NIH & the Stimulus in the NY Times

An article appeared in today's Science Section under the title, Beaker-Ready Projects? Colleges Have Quite a Few

Here's a passage that highlights what I've been harping about:

The acting director of the National Institutes of Health begged university administrators on Wednesday to avoid even applying for stimulus money unless the universities planned to hire people almost immediately.

"It would be the height of embarrassment," the official, Dr. Raynard S. Kington, said, "if we give these grants and find out that institutions are not spending them to hire people and make purchases and advance the science the way they're designed to do."

Not a problem, the administrators said, in interviews.

Now I'm not against hiring people, but we should do this responsibly. It would be insane to shuttle a whole generation into academia with no future plan. What we need is to create good stable long term careers not another boom-bust cycle that will reinforce everything that is wrong with how we train our up-and-coming scientists.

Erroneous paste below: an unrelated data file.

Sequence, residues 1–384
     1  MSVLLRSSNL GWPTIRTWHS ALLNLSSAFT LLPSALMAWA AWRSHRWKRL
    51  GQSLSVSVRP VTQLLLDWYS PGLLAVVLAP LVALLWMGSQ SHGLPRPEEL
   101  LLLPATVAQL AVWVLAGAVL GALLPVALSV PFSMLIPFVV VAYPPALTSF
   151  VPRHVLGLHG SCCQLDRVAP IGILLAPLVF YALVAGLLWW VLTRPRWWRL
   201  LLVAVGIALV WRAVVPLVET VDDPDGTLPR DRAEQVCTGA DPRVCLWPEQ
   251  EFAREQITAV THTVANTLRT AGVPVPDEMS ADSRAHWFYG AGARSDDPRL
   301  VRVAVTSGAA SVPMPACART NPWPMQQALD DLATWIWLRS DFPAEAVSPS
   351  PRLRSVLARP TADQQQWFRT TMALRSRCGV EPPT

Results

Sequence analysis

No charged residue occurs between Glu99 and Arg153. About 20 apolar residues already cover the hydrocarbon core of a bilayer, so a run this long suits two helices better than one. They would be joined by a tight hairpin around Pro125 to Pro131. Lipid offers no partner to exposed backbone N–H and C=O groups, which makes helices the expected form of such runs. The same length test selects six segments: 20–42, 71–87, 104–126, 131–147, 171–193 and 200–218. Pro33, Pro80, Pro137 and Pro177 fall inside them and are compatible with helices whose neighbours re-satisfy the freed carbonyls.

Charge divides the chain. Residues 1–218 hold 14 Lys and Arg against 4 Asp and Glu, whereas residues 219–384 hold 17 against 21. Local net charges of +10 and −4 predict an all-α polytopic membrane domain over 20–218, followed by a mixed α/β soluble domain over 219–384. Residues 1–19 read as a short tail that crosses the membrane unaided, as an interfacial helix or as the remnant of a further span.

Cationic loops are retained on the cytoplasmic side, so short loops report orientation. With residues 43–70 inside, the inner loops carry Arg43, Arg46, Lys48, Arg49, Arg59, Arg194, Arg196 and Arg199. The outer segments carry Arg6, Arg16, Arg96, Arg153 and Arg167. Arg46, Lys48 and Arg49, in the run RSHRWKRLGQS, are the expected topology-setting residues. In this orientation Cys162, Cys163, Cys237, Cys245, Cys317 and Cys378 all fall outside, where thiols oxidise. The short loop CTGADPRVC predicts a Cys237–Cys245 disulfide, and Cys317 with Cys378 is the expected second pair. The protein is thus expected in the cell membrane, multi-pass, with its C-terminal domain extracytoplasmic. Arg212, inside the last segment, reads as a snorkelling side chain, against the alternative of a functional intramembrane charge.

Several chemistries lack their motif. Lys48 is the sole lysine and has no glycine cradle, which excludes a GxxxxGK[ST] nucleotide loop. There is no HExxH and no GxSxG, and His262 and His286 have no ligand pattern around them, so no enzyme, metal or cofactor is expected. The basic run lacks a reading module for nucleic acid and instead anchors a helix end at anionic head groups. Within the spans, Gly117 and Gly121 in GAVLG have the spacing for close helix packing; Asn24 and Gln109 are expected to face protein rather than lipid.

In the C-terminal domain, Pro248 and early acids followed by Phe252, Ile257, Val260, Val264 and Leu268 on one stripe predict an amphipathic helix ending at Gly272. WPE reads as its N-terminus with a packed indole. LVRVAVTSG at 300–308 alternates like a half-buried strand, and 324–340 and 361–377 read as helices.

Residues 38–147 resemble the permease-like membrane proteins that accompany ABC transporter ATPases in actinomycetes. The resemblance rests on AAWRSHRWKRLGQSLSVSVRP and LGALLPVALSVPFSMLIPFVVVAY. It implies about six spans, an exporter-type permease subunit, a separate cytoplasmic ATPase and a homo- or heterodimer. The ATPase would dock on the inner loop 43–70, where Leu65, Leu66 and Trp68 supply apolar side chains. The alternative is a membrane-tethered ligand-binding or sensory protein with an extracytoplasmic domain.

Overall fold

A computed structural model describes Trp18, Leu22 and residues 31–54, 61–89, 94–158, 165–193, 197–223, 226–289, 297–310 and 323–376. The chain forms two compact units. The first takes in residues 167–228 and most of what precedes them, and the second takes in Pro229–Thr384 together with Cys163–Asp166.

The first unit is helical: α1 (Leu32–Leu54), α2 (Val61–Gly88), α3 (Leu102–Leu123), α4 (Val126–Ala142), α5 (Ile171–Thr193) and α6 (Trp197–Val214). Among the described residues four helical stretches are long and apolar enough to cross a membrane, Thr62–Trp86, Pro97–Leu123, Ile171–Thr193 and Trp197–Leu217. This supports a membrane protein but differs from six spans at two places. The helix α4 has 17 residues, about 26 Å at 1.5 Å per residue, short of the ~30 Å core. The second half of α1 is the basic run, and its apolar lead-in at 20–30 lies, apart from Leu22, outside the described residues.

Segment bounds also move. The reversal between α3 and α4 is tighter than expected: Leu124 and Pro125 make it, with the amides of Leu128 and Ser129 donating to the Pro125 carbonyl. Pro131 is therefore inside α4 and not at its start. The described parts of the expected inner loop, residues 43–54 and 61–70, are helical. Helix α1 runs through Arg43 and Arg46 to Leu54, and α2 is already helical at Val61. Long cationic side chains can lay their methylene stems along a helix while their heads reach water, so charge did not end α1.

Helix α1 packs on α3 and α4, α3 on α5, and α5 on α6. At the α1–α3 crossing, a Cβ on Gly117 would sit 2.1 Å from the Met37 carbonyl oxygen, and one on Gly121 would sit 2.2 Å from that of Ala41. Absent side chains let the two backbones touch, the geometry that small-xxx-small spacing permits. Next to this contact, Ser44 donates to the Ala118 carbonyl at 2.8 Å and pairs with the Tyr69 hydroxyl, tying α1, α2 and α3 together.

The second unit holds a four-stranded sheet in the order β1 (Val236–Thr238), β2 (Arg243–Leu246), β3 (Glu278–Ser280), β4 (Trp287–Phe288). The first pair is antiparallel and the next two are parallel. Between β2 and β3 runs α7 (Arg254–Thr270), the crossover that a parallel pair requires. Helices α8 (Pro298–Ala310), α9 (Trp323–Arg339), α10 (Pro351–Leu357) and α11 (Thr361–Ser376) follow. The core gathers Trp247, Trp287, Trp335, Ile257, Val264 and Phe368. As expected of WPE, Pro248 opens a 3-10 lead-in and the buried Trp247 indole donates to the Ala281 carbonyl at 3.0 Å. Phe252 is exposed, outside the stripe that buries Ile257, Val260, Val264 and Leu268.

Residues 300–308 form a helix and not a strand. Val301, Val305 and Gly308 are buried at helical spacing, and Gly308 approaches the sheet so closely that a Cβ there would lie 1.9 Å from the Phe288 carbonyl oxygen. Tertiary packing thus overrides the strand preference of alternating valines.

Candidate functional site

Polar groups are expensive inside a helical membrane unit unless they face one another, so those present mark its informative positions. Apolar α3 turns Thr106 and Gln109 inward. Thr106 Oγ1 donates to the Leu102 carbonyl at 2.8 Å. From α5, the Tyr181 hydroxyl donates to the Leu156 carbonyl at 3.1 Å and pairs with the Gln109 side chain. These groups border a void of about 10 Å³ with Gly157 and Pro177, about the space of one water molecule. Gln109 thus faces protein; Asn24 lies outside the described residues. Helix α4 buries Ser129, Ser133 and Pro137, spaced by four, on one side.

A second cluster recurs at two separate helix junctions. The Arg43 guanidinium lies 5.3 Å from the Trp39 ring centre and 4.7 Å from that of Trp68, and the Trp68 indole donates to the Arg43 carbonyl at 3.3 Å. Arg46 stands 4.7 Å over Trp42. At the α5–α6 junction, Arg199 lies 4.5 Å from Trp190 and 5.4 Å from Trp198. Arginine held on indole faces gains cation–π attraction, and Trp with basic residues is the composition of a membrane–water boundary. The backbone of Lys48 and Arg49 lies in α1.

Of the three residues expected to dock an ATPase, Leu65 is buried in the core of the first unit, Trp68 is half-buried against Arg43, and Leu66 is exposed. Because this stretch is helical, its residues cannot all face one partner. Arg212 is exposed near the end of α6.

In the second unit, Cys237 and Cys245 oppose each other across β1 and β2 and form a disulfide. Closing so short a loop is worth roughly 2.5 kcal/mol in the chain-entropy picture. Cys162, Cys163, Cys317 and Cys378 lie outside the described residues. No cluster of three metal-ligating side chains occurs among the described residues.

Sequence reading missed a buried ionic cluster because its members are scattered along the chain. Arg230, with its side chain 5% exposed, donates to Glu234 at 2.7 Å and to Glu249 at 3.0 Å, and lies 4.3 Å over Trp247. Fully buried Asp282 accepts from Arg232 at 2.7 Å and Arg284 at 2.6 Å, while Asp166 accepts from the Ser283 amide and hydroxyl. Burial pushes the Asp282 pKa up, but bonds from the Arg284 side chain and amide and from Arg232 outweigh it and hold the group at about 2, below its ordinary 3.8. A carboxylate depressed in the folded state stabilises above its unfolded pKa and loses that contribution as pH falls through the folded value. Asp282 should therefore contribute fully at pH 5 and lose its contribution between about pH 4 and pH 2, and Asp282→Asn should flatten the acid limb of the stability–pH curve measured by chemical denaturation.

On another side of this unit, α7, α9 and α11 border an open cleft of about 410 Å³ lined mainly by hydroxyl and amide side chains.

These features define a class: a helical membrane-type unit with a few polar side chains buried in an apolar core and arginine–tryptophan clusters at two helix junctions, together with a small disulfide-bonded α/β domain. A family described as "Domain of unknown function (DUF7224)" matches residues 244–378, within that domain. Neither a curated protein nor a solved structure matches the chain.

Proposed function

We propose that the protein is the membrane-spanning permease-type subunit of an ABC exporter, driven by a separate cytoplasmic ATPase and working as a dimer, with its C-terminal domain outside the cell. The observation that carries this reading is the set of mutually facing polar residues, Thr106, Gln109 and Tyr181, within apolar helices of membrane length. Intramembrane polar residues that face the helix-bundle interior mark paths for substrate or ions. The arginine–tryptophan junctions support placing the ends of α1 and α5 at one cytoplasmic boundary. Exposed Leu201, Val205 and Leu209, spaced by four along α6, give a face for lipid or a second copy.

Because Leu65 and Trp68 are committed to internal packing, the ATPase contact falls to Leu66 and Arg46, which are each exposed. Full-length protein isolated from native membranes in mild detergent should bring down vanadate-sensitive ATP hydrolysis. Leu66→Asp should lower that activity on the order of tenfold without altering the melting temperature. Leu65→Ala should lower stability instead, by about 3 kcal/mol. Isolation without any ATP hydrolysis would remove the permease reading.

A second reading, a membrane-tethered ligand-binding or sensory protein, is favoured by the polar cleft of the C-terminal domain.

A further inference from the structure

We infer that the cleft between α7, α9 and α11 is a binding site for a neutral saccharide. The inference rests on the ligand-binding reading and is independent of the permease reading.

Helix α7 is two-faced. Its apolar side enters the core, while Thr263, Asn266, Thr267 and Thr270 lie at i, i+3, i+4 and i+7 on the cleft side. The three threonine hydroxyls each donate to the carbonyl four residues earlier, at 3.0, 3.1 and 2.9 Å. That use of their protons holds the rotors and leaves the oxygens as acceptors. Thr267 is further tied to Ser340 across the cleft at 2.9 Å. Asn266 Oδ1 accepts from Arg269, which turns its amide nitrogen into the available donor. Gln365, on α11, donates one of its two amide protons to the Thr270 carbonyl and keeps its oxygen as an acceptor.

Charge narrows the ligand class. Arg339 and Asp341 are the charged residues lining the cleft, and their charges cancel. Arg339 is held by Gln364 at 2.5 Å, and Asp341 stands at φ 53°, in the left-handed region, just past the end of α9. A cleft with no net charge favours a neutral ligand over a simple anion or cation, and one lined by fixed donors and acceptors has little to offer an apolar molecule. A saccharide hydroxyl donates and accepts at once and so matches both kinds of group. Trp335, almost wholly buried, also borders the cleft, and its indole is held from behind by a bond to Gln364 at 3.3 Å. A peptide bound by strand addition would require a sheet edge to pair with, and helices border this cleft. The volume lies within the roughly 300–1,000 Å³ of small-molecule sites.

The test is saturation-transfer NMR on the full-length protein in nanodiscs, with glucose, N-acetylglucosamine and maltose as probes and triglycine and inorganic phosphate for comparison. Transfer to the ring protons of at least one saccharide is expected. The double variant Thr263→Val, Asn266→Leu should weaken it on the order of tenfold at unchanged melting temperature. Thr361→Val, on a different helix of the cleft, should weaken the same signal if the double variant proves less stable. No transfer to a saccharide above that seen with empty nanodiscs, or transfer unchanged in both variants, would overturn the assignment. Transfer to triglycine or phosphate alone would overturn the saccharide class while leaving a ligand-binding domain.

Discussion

More like this

"It would be insane to shuttle a whole generation into academia with no future plan." This wouldn't be a problem if we'd be willing to actually train people for the rest of the world instead of just future PIs. Politicians, school teachers, industry, lawyers, policemen and policewomen, wouldn't it be great if these people had real scientific experience and understanding?

Especially crazy to pay for more grants when those submitted to NIGMS of NIH get an automatic cut so they can pay more grants in total. Given that, it makes sense to supplement those already funded grants to pay for equipment included in those reviewed grants. Those typically are front loaded expenses to begin with. It would give money that labs would use and spend immediately. Hiring more postdocs/grad students takes time and is a commitment of more than two years. I know my lab could use new equipment but given the automatic cut those expenses are the ones that go first because keeping people funded in the lab who are very productive is priority one.

By ponderingfool (not verified) on 24 Feb 2009 #permalink

Thank you, thank you, thank you for articulating something that concerns me enormously! I am afraid that the money contained in the stimulus package and to be apportioned out as "Challenge Grants" is going to create another glut of Ph.D.s at the other end with nowhere to go! It might be in the best interests of all concerned if the grants were limited to creating non-doctoral positions. In general, it is my considered opinion that we would benefit in this country by severely restricting the grant of Ph.D. degrees or even the admission of students to doctoral programs to ensure that there is some semblance of balance between demand and supply for jobs and Ph.D-scientists.

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